But to some, even giving “The Zionist entity” a name, gives it the legitimacy and the attention that it does not deserve. So the next time you attend a terror-fest rally on the streets of Gaza city, make sure that you are well equipped with the many variants to describe ‘the so-called government of the so-called state.’ Indeed, to those that find out that the “Zionist entity” actually exists – and has a name (it is known colloquially by infidels as “Israel” a.k.a The “Jewish” state), it might come down as a bit of a shock, with symptoms including denial, anger, rage and eventually uncontrolled explosions in Tel Aviv kindergartens and buses.

Even Hezbollah has caught on to the trend on it’s official website, because apparently, typing out “The Zionist entity” every second sentence is too cumbersome and tiring – even for a Lebanese dhimmi with a gun to his head. According to the latest piece of propaganda verifiable evidence nicely littered with a touch of irony and scare quotes:

The list seemed to be part of a growing effort by activists, both in “Israel” and abroad, to pursue the pressing of war crime charges under the principle of universal jurisdiction against “Israeli” soldiers who participated in the attack. The three-week offensive launched by “Israel” in December 2008 resulted in the killings of about 1,400 Gazans. The disclosure of the troops’ details also appeared to expose the “Israeli” military’s growing difficulty in restricting such information from being revealed in the internet era, despite the army’s technology-savvy image. Data such as soldiers’ home addresses is not typically readily available to the public in “Israel”.

The term “Israel” was reported only 24 times in this piece, which is a pretty weak effort for Hezzbollah, considering that it managed to kill twice that number of innocent civilians in the Second Lebanon War. This article also bespeaks a tacit ‘understanding’ between those who realize that Israel exists, but that religiously, ideologically and ideally it doesn’t (wink-wink-nudge-nudge), which can often lead to confusing debates at Palestinian reconciliation meetings (“Isra-what?” I thought we were discussing *cue evil laugh* “The Zionist entity”).

Indeed, all of this innuendo not only confuses the faithful everywhere, but it can also cause major international relations slip ups. The sea surrounding “The Zionist Entity” has mysteriously become a graveyard for peace-loving humanitarian flotillas, because well, – it doesn’t appear on any maps. It turns outIHH was trying to deliver aid to the needy ‘people of Gaza’ who are being oppressed by an entity that doesn’t actually exist according to them.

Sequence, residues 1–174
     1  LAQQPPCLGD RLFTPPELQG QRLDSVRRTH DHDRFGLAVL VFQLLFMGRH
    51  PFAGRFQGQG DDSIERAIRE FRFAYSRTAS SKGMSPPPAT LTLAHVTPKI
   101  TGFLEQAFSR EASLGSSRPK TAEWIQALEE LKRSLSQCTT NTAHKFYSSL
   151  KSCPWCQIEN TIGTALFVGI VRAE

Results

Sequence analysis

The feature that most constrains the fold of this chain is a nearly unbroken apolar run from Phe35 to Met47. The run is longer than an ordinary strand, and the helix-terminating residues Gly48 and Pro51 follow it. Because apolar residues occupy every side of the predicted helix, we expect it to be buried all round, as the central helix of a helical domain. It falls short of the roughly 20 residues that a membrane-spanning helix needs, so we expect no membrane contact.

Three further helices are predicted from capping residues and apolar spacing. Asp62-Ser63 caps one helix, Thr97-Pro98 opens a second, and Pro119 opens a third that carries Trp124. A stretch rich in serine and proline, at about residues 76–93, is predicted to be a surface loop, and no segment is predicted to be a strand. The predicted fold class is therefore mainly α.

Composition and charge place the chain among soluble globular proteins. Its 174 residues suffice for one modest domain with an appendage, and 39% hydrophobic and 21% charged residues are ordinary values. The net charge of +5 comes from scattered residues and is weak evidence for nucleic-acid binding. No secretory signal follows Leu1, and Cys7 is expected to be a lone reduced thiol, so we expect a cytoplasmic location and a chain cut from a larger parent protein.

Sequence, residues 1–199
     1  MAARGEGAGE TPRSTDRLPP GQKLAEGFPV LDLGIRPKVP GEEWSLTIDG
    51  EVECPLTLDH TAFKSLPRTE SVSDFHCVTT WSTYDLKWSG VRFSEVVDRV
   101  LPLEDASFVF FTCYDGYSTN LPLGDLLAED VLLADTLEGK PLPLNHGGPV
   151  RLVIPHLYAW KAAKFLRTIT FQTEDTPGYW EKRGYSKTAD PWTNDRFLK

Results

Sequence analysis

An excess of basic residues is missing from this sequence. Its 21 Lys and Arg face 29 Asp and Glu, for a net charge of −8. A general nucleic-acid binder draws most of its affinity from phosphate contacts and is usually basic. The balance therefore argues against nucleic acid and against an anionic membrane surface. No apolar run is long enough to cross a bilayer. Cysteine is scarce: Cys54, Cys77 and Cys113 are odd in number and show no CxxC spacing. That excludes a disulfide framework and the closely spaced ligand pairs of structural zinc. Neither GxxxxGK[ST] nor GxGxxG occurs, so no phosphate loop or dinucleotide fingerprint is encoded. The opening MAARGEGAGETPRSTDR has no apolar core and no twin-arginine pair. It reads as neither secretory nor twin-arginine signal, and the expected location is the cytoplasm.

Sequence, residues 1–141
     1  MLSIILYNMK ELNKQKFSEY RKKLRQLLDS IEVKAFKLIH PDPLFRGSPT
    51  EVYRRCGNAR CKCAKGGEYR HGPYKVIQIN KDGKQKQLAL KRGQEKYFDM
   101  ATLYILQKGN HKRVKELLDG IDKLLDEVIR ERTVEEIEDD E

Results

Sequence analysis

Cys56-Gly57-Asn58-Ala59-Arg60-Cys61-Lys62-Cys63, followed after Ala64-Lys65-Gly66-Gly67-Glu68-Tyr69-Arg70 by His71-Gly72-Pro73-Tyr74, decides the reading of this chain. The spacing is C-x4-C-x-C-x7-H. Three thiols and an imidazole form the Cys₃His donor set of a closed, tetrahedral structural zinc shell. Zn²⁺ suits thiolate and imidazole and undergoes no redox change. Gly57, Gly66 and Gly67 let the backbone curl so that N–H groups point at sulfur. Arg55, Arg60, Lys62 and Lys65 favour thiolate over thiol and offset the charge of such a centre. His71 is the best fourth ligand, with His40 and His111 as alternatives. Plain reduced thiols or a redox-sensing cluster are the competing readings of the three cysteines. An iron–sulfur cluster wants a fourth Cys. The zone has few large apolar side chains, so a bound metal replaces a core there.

Other grievances which require urgent international aid include: cigarettes tainted with pig blood, chimps running amok, and the Zionist sex gum of death:

GAZA CITY (AFP) — Hamas suspects that Israeli intelligence services are supplying its Gaza Strip stronghold with chewing gum that boosts the sex drive in order to “corrupt the young,” an official said on Tuesday.

Postage stamps: the root cause of the conflict?

Whilst “The entity’s” list of crimes are numerous: (defying the Accounting entity principle is considered by Accountants as the worst), the term “The Zionist entity” has it’s roots in the burgeoning Arab nationalist movement of the 20s, in which Arab leaders refused to recognize a Jewish state anywhere in the Middle East: not even the “size of a postage stamp.” In a twist of irony, Israel’s current landmass of 20770 square kilometers, although the size of tiny New Jersey, can still fit 8.31 quadrillion postage stamps (400 postage stamps per square meter x 1sq km x20770). That means that “Israel” has a success rate of 8308000000000%: pretty impressive for any “entity”.

According to many in the Arab world, the terms “Zionist” and “Jew” are interchangeable. So when it comes to post-Khartoum recognition of the “so-called”, “Jewish” state, one wonders what all the fuss is about? Efraim Karsh hits the nail on the head with his analysis:

“This pervasive denigration of Jews has been accompanied by a systematic denial of the Jewish state’s legitimacy by both the PA and the PLO. Israel is often referred to by the pejorative phrase, ‘the Zionist entity.’ Israel is glaringly absent from Palestinian maps, which portray its territory as part of a ‘Greater Palestine,’ from the Jordan River to the Mediterranean.”

So the “Zionist Entity” is a byproduct of the lunatic hallucinations of cave-dwelling, turban-clad, Osamas – reliving their delusions of grandeur with a video camera and a loyal fan-base of robot jihadists – meekly awaiting 72 prizes in heaven. Because in reality, Zionism has been tainted to the extent that it is no longer considered a movement to return the Jewish people to their homeland, but a pejorative to describe everything that is bad in the Arab world. How long before the term ‘Zionist’ is dropped from the “The Zionist entity” – so that one day they will wail “The entity!” and everyone will know what the hell they’re talking about. It seems like “The entity” is here to stay, and many will have a hard time reconciling this fact with their warped worldview. In the mean time, those living inside “the Entity” go on with their lives, living, breathing and building: one postage stamp at a time.